Currently repairing a bike that I got off the road for free years ago. Around three years ago, a stuck link caused a chain jam while pedaling at high speed, causing the metal around the b-knuckle on the rear derailleur to shear, rendering it irreparable.

Currently have gotten into biking again and am trying to repair this bike by first cannibalizing a derailleur from another broken bike I have. I got the shifting to work relatively well, except the current derailleur is bolt-on and the parallelogram gets caught on the derailleur hanger when up or downshifting between gears 4 and 5 (see picture).

enter image description here

The derailleur hanger, for some reason, is not removable unlike the others I have seen online while researching. Thus, I want to buy a derailleur that mounts onto the dropout. I've already found the tooth capacity I need [(48-28)+(28-12)=36], but now I am not sure on the mounting method to use. If the dropout looks like this, should I buy a hanger or direct-mount derailleur?

enter image description here

For reference, I would have bought one to match the still functioning front derailleur, but the model, a Shimano Exage 300 LX, seems to be out of production (and used ones are a bit too expensive, I'm looking for something <$40). Any recommendations on compatible derailleurs to buy?

Also another issue I've noticed is sometimes the chain "skips" on a single gear under load (not between gears) What could be causing this? I checked every link individually and none are stuck. I've searched online and only found a solution where the guy said he replaced all the chainrings and cassette without mentioning what the problem might be. I don't want to replace anything outright if I don't have to, any ideas?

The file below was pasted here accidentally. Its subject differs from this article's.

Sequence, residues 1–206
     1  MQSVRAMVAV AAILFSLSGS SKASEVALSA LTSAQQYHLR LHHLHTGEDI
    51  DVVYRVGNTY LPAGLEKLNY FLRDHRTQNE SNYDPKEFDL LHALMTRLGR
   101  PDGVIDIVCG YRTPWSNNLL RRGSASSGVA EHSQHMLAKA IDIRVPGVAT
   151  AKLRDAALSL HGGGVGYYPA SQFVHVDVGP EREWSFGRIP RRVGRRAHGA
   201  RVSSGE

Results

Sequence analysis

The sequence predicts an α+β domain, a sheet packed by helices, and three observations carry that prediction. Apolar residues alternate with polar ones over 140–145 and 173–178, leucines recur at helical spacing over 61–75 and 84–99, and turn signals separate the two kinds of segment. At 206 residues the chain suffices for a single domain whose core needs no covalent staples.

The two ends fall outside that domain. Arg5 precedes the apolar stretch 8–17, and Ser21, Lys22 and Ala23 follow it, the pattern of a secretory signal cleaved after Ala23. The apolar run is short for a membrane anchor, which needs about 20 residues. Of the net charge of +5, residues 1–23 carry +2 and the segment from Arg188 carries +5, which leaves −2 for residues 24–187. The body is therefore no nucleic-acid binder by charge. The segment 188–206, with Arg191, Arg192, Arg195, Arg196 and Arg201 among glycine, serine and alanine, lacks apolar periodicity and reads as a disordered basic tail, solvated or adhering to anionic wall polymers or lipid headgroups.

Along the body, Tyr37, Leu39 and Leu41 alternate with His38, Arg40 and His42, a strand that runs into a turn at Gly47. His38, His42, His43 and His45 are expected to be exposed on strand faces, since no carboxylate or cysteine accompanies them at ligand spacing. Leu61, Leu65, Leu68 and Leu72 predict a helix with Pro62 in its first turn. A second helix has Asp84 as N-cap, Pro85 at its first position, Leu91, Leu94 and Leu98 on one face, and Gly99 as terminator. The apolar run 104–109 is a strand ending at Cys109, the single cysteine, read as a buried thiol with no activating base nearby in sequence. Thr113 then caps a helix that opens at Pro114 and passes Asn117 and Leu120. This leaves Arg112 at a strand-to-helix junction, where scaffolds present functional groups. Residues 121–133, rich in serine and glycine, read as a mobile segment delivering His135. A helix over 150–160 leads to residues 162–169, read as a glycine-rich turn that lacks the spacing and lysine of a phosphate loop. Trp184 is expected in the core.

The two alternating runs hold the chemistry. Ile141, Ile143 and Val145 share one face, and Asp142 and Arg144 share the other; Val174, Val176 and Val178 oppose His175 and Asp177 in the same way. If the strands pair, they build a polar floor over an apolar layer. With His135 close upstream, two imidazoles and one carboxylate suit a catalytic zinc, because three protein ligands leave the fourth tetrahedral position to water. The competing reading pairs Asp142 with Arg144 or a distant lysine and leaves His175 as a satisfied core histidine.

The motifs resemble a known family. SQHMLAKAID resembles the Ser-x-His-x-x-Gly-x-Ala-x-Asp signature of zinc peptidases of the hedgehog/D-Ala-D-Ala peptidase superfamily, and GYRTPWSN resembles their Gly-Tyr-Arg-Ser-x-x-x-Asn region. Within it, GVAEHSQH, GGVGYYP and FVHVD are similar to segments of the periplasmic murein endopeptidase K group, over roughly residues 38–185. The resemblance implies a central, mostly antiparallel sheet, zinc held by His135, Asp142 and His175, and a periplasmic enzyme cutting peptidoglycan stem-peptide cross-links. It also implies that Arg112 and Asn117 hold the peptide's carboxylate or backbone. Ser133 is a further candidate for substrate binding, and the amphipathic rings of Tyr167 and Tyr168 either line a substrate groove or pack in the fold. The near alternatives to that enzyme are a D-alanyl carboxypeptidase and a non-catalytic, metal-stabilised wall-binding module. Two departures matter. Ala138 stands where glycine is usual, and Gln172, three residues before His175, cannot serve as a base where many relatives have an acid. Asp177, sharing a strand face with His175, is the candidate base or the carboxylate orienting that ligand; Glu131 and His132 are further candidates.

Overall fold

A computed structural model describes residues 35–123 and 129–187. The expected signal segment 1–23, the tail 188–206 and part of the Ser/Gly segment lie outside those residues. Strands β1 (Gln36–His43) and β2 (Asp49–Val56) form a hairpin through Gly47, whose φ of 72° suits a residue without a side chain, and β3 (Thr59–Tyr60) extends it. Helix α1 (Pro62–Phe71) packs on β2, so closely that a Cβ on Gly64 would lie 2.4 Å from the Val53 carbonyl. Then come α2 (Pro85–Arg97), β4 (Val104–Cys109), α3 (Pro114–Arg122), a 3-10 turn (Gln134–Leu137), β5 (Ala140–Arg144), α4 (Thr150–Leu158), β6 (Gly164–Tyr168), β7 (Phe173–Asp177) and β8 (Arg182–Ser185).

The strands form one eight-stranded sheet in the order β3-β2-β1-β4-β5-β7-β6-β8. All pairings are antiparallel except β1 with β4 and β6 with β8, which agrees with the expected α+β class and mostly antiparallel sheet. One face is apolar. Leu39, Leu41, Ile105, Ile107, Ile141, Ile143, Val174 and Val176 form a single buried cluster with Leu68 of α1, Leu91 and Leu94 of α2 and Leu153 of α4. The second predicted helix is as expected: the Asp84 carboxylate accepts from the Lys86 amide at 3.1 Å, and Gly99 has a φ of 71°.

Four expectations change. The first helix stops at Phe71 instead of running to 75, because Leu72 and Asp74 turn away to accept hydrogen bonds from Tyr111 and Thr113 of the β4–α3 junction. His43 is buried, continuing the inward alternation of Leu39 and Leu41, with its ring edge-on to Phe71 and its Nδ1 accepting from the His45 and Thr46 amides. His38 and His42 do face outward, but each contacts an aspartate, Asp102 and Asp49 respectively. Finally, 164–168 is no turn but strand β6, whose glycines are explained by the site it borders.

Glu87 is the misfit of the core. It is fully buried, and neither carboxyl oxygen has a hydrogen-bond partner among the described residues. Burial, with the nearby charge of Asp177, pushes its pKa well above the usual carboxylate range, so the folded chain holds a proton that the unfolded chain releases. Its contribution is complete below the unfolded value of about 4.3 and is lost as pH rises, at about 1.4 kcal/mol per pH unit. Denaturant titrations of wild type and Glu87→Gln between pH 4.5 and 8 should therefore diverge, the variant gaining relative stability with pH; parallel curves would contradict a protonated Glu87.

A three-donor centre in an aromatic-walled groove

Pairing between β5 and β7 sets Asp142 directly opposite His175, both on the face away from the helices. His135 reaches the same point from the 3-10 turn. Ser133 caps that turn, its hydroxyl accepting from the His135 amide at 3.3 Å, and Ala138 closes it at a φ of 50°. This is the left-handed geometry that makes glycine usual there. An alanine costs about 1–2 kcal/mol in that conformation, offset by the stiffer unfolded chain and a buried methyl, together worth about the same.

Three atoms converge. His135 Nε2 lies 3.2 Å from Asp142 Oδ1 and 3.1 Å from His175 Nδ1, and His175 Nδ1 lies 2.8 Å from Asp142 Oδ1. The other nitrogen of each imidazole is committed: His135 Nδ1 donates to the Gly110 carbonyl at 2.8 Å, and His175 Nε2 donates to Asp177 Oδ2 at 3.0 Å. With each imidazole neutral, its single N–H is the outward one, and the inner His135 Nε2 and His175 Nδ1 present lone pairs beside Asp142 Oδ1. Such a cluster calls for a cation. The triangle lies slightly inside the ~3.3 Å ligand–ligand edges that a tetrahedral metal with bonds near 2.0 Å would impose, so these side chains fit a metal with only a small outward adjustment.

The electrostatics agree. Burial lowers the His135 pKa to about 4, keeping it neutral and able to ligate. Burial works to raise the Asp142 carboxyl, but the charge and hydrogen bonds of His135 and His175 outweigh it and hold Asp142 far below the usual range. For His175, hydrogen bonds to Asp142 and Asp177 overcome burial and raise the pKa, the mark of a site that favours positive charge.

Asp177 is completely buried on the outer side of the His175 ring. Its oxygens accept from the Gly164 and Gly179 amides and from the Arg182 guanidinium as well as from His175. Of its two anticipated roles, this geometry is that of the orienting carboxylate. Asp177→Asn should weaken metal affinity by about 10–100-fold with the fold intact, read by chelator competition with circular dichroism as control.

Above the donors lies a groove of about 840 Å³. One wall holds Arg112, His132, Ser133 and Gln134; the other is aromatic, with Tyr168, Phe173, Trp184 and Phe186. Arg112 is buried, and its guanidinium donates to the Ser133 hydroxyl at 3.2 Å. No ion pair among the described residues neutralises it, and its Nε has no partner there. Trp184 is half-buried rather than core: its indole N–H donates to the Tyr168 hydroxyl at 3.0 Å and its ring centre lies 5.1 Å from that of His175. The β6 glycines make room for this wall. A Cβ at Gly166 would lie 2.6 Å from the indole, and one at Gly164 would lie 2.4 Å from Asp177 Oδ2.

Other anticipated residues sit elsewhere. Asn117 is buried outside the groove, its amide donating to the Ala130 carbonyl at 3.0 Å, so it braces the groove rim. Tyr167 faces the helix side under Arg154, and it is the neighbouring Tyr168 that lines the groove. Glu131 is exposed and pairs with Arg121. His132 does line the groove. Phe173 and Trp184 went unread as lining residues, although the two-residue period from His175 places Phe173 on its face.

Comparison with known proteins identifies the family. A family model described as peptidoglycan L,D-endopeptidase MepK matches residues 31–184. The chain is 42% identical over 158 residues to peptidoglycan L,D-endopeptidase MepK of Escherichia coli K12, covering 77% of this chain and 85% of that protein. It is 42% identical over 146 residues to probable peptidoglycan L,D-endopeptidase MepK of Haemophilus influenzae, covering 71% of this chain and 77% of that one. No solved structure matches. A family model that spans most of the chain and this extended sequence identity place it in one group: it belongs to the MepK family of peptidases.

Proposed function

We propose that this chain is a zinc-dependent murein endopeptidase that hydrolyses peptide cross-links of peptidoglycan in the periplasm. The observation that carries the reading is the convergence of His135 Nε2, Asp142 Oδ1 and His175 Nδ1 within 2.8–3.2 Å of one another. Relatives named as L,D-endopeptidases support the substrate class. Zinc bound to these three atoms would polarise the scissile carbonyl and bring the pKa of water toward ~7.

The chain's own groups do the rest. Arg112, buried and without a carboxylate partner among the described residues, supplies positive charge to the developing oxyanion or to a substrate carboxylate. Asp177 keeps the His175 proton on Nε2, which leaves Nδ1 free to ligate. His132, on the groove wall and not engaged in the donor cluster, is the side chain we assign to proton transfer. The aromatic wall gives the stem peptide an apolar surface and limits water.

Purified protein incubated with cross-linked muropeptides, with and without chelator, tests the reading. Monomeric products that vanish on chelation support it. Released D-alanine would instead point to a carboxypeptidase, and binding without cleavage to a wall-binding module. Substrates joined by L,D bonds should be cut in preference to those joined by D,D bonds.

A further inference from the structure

1 Answer 1


The derailleur in the first photo doesn't appear to be mounted correctly. See how there's a big gap between the axle and dropout slot? I think you should just go with a regular, bolt-on derailleur. Non-replaceable hangers are usually found on steel frames (check yours with a magnet) and are perfectly fine to use. With steel, you can just bend it back into shape if broken, or even cut it off and weld on a new one if i remember correctly. Any 7 speed (it might even be 6/7/8 compatible) derailleur should be the right one.

The chain skipping could be caused by worn out drivetrain components like you mentioned, or it could be due to the wonky derailleur setup. I would wait until the correct parts are installed and it shifts fine before sorting that problem out.

  • If we take the second picture (imgur.com/BumRwWJ), when I mount the bolt-on derailleur in hole 1, you get the wonky result you mentioned. The derailleur shifts if you give it a tap with the foot, but on the whole, completely unideal. If I mount the screw in hole 2, you get this (imgur.com/NsxwnmX), which is worse (complete blockage compared to a rivet getting caught on the side). This is why I want to invest in a derailleur to mount off of the hanger, as I'm afraid any bolt-on will have this problem with the hanger. Jul 2, 2020 at 22:46
  • 1
    Those holes are not for the derailleur hanger bolt and in the wrong place. They are there for fender and rack mounting.
    – mattnz
    Jul 2, 2020 at 22:55
  • 2
    ” The derailleur in the first photo doesn't appear to be mounted correctly.” if anything, this is an understatement.
    – Weiwen Ng
    Jul 2, 2020 at 23:52
  • Some towns have shops or cooperatives with bins of (mostly older) used parts for sale at cheap prices. Someplace like that would likely get you a rear derailleur at a good price. (For me $20 or less is a "good price").
    – Armand
    Jul 3, 2020 at 0:35
  • You can get a new RD-M360 for $20....
    – mattnz
    Jul 3, 2020 at 1:01

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